Waimea Valley deal rejected
Community members protest development in the valley, spurring the Council's 9-0 vote
THE CITY COUNCIL has unanimously rejected a deal that would have settled a condemnation lawsuit by allowing some luxury housing development in Waimea Valley.
After the vote yesterday afternoon, the attorney for the New York-based investor in the midst of that court battle said his client is willing to continue settlement talks, but only if Mayor Mufi Hannemann -- not the Council -- leads those discussions.
"He has no confidence in the City Council to mediate," said attorney Bill McCorriston, who represents Christian Wolffer of Waimea landowner Attractions Hawaii.
City Council Chairman Donovan Dela Cruz, who represents the area that includes Waimea Valley, said the Council would have to approve any settlement. "Like it or not, that's the role given the City Council by our City Charter," he said.
McCorriston's comments came after the Council soundly rejected the settlement offer that included giving Wolffer the ability to build homes in the back of the 1,875-acre valley and develop an ecological camp in another part of the valley. The city would be able to keep the front 300 acres occupied by the Waimea Valley Audubon Center, currently operated by the National Audubon Society.
At yesterday's hearing the Council heard from the president of the National Audubon Society, trustees with the Office of Hawaiian Affairs and state officials pledging to find the financial support needed to purchase the valley from Wolffer.
"We'd like to work with the corporation counsel, the city, with the mediator to get the best price we can and then put the financial package together and come back to you at the next Council meeting," said Audubon President John Flicker, who has been in town garnering financial support.
McCorriston said the mayor has asked whether they are interested in participating in further mediation.
McCorriston said that going back to settlement talks will depend on the ground rules. He said Wolffer refuses to negotiate with the Audubon Society for their "disingenuous" testimony yesterday.
"If there are further negotiations, it would have to be with the mayor leading the charge," McCorriston said.
The 9-0 vote against the offer came two weeks after the Council gave preliminary approval to the proposal by a vote of 5-4.
First Deputy Corporation Counsel Donna Woo said the focus is now on preparing for the Feb. 13 trial.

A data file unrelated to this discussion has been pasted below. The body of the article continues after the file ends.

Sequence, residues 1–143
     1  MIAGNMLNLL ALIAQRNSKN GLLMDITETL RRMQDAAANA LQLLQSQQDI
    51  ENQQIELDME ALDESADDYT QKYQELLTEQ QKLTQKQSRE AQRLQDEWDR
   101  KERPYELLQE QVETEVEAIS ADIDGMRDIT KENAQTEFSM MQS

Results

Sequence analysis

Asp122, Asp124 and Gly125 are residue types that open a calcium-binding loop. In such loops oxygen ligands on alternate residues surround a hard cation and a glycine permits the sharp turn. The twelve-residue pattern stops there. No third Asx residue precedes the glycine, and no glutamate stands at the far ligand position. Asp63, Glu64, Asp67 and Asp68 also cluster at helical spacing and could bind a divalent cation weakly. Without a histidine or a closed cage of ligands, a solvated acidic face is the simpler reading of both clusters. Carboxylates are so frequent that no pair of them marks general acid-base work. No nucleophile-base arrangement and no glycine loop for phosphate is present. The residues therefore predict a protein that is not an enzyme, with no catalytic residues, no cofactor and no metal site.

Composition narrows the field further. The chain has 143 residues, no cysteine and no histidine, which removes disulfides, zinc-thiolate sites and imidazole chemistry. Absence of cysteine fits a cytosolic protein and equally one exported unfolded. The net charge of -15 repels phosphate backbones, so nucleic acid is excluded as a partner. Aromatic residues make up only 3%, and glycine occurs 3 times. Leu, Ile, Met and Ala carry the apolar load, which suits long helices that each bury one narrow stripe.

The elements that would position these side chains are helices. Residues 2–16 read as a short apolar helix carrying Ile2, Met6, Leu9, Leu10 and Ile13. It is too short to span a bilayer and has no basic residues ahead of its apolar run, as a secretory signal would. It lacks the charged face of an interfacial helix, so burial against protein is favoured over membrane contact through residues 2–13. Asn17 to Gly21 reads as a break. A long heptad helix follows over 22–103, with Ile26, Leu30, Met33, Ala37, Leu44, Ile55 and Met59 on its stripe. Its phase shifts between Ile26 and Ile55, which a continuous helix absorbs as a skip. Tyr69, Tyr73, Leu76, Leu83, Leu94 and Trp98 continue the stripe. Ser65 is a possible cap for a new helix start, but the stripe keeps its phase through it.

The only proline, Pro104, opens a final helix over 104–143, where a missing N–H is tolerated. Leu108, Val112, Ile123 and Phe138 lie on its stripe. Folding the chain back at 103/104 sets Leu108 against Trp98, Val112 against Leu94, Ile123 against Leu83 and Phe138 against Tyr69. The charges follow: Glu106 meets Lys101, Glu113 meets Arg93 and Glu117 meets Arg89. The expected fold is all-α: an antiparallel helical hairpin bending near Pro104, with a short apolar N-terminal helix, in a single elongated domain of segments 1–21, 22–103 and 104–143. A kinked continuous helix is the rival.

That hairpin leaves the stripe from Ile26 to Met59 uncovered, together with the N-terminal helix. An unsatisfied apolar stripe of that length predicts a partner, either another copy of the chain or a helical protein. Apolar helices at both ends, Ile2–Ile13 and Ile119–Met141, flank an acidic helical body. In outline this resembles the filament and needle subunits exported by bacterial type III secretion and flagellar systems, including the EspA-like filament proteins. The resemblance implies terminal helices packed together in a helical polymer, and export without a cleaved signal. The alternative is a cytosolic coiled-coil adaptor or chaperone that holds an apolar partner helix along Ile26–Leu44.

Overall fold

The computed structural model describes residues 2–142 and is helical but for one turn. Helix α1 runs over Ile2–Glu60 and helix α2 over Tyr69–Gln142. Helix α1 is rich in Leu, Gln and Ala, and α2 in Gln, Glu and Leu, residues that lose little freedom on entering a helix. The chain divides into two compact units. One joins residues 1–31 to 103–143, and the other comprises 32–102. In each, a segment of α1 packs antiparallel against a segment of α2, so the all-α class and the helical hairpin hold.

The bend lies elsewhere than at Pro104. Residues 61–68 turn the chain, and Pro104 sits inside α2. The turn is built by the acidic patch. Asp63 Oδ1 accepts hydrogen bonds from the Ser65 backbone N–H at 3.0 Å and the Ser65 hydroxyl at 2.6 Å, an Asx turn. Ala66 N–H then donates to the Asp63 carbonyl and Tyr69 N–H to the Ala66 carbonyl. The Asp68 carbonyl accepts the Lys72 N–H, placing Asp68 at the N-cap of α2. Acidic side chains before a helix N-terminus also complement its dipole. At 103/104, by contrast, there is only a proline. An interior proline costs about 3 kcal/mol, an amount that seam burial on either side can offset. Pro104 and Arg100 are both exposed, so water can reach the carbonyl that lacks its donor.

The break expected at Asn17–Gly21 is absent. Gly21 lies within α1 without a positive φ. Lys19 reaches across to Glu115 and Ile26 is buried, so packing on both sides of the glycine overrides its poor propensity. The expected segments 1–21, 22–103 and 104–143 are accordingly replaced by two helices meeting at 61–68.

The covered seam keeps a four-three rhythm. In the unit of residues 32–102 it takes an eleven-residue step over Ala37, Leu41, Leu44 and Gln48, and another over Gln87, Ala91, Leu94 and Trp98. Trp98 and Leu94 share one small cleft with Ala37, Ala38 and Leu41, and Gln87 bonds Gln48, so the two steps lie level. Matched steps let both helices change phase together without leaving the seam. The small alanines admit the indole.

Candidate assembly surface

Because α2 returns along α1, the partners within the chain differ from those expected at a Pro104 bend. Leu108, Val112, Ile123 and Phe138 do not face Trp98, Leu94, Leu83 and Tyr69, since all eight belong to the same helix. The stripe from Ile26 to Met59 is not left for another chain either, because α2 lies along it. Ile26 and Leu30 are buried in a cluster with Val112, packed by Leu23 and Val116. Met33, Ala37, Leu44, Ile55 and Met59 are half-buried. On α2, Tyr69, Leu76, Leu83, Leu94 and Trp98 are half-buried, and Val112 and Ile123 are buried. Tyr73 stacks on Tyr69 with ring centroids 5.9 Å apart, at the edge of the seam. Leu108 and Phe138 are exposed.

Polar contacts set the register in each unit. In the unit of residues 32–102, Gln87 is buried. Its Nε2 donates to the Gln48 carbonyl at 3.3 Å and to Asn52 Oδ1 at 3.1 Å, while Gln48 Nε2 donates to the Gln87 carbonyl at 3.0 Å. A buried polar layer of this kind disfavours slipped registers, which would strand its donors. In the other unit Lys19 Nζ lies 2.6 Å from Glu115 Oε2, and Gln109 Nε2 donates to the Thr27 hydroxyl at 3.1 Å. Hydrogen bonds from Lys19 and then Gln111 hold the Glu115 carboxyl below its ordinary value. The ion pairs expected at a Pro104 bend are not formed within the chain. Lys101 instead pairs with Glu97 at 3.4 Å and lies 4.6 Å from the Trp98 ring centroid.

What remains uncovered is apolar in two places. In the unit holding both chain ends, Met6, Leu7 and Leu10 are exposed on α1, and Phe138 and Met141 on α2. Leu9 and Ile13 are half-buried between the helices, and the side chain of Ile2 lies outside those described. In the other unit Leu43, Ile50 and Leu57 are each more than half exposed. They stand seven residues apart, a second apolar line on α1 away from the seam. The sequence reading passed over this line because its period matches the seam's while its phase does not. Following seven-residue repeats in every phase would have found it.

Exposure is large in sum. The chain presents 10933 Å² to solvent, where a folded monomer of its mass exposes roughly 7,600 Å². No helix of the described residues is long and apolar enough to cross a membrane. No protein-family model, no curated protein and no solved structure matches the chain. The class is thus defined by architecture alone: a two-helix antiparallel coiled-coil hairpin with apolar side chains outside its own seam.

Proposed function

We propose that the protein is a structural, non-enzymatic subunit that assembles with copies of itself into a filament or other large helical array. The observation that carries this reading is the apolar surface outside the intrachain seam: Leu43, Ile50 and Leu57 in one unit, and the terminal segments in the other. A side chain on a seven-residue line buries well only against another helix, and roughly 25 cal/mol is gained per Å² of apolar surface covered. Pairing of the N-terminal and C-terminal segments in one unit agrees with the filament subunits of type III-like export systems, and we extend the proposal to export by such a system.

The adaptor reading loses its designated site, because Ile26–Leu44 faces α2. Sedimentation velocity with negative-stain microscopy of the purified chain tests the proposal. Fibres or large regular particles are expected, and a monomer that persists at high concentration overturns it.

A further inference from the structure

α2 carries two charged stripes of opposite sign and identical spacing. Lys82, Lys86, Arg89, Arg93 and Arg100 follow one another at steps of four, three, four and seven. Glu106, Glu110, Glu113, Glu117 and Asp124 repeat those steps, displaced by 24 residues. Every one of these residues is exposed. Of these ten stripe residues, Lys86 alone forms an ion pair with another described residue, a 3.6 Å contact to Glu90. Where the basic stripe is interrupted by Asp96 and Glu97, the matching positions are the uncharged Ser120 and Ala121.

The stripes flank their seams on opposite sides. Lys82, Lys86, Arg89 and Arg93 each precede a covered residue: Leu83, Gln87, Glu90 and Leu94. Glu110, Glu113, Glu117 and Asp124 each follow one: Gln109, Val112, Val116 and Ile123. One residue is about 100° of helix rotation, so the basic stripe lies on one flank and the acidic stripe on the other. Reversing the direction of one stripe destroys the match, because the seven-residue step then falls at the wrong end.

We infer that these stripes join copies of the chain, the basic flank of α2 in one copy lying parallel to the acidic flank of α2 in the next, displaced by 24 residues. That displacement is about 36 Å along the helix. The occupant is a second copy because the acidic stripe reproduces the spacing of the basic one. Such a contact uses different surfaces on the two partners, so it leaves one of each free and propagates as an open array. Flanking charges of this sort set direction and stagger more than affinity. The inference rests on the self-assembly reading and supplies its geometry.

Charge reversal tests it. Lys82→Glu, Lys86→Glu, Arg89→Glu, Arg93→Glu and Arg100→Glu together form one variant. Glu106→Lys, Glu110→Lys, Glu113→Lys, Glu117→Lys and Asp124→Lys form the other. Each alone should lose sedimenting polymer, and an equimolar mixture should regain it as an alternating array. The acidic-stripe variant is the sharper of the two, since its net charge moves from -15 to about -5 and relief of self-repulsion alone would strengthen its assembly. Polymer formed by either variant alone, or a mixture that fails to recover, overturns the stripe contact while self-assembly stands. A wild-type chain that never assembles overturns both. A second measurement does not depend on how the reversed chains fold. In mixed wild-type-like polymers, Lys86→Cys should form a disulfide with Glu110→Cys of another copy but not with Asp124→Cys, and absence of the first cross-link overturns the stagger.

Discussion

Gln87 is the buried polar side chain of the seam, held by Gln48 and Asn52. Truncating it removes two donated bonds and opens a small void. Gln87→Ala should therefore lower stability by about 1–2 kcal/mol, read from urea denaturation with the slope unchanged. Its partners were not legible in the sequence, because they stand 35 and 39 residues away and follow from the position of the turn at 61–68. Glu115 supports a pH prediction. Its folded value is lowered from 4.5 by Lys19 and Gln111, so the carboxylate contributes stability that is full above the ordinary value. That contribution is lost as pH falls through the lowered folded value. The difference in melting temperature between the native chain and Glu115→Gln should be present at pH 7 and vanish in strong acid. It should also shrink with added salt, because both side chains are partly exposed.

"I don't know what's going to happen next. It depends on whether Mr. Wolffer is interested in coming to the bargaining table. It depends on whether or not we can marshal up the resources to reach any kind of settlement," Woo said.
After the vote, McCorriston said, "Actually, Christian is a little bit relieved. He had seller's remorse. He thought he had given too good a deal."
North Shore residents, environmentalists and valley supporters packed the Council chambers during three hours of testimony to oppose the development plans and to tell the Council there is only one way to preserve the valley.
"Reject the settlement and go to court. You have a good hand. ... You are not going to get hurt by any jury of your peers," said attorney James Case, who represents the nonprofit group Stewards of Waimea and who has handled dozens of condemnation cases.
Testifiers also told the Council that the valley is filled with environmental and cultural treasures that need to be protected from development.
"Don't settle, don't settle, don't settle," North Shore Outdoor Circle President Nancy John testified. "Don't sell us out. You owe us this. This is what the people want."
Sunset Beach fifth-grader Tate Antolini Newfield said he has been going to Waimea Valley since he was a baby. "I feel that the proposal to divide up the valley and allow private homes above the waterfall is disrespectful."
OHA trustee Rowena Akana told the Council, "OHA is very serious about acquiring this property, either by ourselves or with other people. Mostly we want partnerships."
OHA Trustee Dante Carpenter said an appraisal of the valley done by OHA in September 2001 came in between $5.3 million and $6.5 million. The city has already paid $5.1 million for the property.
State Reps. Michael Magaoay and Brian Schatz both told the Council that they plan to introduce legislation next session for an appropriation to assist in purchasing the valley.
Dela Cruz said that by those groups coming forward and agreeing to help foot the bill on any purchase price, it helped convince the five Council members to change their votes. "That made the difference."
The five members who changed their vote were Todd Apo, Charles Djou, Romy Cachola, Gary Okino and Rod Tam. Dela Cruz, Ann Kobayashi, Barbara Marshall and Nestor Garcia continued to vote against the settlement.